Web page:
Memoir assignment

ESSAY 1: MEMOIR

Target length: 750–1000 wds

As its name implies, the memoir is rooted in the writer’s own lived experience, his or her memories and observations. The memoir, or personal essay, may focus on a significant event in your life, a meaningful relationship, an important object or place, or some pattern, thread, or theme that weaves through your life. The tricky part about this particular version of the memoir assignment, though, is that you’ll need to choose a part of your life that connects to your chosen theme.

BRAINSTORM: Spend a good deal of time meditating on a germ, kernel, core for this essay. Think about all of the different ways that this theme has played out in your life, the objects and activities and people and events that in some way connect to this theme. For example, if I had chosen business as my theme, I could write about any one of several jobs I’ve held: working in the dish room in college and what it taught me about the satisfactions of manual labor, the challenges of strategy in what may seem like mindless work; working at the salad factory one summer, when I sometimes spent eight hours boiling and peeling eggs and learning the social conventions of the break room; later in my adulthood working as an at-home freelance editor and the difficulties of balancing work and motherhood.  Or I could write about family finances, contrasting my mother’s penciled monthly budgets with my own more “amorphous” accounting methods or how the allowance question was handled when I was a child vs. now that I’m a parent. Or, as a third alternative, I could write about myself as a shopper; since books are my most important purchase, I could explore how my book-buying experience has changed through the decades. We will be spending time in class discussing options and, hopefully, inspiring each other. Once you decide on a topic, collect up some details, and think about how you can narrow it down enough so that you have room to make your experience come to life through some of those details.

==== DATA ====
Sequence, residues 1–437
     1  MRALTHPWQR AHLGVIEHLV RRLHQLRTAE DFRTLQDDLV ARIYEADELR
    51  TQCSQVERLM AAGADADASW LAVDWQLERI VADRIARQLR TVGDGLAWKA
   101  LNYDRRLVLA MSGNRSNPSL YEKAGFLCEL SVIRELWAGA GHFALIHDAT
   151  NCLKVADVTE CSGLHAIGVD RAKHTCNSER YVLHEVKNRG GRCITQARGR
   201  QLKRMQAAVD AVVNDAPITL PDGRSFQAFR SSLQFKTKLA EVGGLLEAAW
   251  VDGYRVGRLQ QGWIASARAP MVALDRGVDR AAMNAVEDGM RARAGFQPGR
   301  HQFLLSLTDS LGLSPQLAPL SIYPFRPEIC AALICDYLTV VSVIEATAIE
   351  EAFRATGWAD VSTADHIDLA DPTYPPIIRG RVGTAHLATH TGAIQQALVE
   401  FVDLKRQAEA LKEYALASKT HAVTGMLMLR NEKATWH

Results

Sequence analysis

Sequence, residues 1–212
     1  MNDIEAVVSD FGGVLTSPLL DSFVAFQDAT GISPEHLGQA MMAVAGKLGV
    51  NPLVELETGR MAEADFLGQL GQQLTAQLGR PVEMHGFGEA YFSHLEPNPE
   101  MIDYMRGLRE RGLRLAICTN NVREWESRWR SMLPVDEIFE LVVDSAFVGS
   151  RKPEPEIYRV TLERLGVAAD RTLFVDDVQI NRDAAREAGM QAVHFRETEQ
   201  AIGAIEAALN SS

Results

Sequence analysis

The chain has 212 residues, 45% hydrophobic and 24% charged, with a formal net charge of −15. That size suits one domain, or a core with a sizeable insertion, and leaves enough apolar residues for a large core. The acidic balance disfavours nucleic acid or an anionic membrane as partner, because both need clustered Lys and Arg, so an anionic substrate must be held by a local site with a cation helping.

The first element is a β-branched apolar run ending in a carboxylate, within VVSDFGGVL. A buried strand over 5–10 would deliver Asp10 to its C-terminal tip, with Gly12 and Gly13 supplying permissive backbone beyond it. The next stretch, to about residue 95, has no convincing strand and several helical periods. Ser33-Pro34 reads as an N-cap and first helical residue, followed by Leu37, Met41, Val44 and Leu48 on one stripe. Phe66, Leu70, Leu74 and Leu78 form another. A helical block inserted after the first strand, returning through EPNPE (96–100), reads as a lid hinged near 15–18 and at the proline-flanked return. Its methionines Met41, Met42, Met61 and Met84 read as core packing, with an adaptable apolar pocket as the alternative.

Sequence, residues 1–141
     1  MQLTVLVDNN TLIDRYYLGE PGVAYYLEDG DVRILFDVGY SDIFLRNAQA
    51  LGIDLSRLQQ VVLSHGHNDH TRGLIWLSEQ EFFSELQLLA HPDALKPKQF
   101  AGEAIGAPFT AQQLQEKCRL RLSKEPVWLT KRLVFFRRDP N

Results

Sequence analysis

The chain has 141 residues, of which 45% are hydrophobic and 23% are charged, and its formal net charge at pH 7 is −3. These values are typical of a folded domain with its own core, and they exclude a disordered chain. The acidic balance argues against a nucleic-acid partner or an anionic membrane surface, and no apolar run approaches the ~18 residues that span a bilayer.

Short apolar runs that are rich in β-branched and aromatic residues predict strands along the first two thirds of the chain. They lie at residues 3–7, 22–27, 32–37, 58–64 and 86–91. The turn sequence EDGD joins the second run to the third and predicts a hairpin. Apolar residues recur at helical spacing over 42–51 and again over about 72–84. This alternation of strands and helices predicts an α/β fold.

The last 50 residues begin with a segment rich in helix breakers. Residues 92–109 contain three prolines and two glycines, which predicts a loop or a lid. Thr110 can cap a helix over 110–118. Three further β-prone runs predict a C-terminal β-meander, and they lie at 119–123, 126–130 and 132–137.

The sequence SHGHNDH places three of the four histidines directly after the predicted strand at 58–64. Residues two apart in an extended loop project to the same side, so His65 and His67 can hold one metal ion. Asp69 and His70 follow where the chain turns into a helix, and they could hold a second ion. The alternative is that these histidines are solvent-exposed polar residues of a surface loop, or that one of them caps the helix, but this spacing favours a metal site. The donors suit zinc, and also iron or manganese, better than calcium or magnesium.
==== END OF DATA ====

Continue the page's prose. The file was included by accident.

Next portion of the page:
DRAFT: In your rough draft, concentrate on getting down the details of the experience (or person, place, thing, idea). Your task is much like a fiction writer’s: to capture lived experience in concrete detail, so that your reader feels almost as if he or she is living it as well. Describe setting, develop character (dialogue is often a particularly good way to do this). Write not a hazy, hasty pencil sketch of an idea, but rather fill in your picture with detail and color.

FOCUS: As you are writing (maybe before or after as well) think about the “point” of this essay. Think about your reader. How does your experience connect to something more universal, to something your reader may have experienced or care about. What are you finally trying to say about this hacked-off corner of your experience? How do you view this experience from your present-day viewpoint? You may not have a neat little lesson to impart, but your sense of the meaning of the experience should have clarified at least a little in the writing.

REVISION: See the revision section under the Writing tab for some info about revising, editing, and proofreading.

GRADING CRITERIA: I will evaluate your essays on the basis of

  • the sharpness of the details you use to evoke experience
  • the thoughtfulness with which you reflect on the experience
  • the grace of your language
  • the mechanical correctness of your prose (for this essay focus in particular on avoiding sentence boundary errors).

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